- The Washington Times - Friday, July 25, 2008

RICHMOND | Several Virginia Commonwealth University administrators have resigned after an investigation into the improper awarding of a bachelor’s degree to Richmond’s former police chief.

University officials confirmed the resignations but aren’t linking them to the diploma investigation. One administrator was dean of the college that awarded the degree, and two others criticized how university officials conducted the probe.

Robert D. Holsworth is resigning as dean of the College of Humanities and Sciences. Mr. Holsworth, a noted political analyst, will continue as a political science professor and special assistant to the provost. Mr. Holsworth did not return messages Wednesday.

Michael D. Pratt is stepping down as interim director of the L. Douglas Wilder School of Government and Public Affairs and director of the university’s Center for Public Policy. He will remain a professor of economics. A telephone message left Wednesday for Mr. Pratt was not returned.

S. Jon Steingass resigned as dean of the university’s University College, which awarded Chief Rodney D. Monroe the bachelor of arts degree in interdisciplinary studies in May 2007, despite his failure to meet degree requirements for transfer students. He is now police chief in Charlotte, N.C.

Mr. Steingass also was associate dean for undergraduate affairs for the College of Humanities and Sciences. The university said he has taken a job in another state.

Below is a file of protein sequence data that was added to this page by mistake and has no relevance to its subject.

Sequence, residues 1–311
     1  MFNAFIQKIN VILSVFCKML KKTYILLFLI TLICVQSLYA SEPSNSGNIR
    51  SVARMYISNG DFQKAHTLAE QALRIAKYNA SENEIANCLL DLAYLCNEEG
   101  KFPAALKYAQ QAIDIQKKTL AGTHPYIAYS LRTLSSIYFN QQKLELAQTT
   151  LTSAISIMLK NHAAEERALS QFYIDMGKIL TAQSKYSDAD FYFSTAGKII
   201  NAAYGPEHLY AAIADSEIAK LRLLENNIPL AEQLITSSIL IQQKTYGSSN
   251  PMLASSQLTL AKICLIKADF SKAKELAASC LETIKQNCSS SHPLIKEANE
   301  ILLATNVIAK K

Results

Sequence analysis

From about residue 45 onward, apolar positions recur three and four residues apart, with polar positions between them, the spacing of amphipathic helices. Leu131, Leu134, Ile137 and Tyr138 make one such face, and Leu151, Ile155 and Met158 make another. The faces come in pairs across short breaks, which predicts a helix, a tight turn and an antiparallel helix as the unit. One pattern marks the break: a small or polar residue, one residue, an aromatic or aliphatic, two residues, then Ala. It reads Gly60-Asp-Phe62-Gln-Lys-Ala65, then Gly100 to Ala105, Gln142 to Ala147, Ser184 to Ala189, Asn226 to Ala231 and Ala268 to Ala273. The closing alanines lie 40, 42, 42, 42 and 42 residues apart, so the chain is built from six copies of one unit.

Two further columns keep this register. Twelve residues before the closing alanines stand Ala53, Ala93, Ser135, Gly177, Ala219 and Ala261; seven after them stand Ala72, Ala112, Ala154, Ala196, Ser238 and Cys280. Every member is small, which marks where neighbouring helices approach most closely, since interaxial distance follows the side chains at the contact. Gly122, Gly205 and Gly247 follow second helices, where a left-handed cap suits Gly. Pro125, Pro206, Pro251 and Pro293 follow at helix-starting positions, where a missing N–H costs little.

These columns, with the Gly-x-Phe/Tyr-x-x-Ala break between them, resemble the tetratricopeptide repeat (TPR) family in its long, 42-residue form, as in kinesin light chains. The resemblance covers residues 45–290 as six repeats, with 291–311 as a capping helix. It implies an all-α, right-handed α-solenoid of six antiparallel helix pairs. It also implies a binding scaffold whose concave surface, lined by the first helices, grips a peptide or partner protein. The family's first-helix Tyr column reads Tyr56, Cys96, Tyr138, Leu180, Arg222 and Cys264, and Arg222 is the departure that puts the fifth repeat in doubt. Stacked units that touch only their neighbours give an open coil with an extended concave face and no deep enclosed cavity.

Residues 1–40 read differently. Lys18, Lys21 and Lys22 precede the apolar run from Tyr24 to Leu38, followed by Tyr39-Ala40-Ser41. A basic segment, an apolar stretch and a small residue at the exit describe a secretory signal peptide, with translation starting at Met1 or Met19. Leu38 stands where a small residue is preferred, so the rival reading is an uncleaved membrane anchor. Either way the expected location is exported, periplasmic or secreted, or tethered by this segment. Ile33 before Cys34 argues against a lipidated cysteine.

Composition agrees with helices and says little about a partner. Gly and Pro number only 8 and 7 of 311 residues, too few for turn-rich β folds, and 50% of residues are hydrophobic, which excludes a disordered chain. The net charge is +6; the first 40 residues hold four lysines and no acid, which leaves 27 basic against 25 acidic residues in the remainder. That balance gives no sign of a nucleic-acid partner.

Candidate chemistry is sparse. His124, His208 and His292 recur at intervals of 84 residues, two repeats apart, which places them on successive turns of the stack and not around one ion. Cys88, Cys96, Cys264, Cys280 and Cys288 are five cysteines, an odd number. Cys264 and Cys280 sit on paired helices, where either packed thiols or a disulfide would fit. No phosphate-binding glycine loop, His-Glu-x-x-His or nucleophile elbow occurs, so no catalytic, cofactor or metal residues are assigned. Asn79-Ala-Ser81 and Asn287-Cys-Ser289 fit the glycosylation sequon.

Mr. Holsworth and Mr. Pratt were critical of the university’s investigation into the improper awarding of the degree to Chief Monroe. University officials said last month that Chief Monroe completed six credit hours, far short of a quarter of his total course work, but it allowed him to keep the degree. The university subsequently announced that it had disciplined those involved but declined to disclose names or details.

The Southern Association of Colleges and Schools is conducting an independent investigation. The association is the accreditation group for 11 states, including Virginia.

The resignations come in light of two controversies, the Monroe degree and a task force looking into the implications of the university’s acceptance of research contracts from tobacco giant Philip Morris USA.

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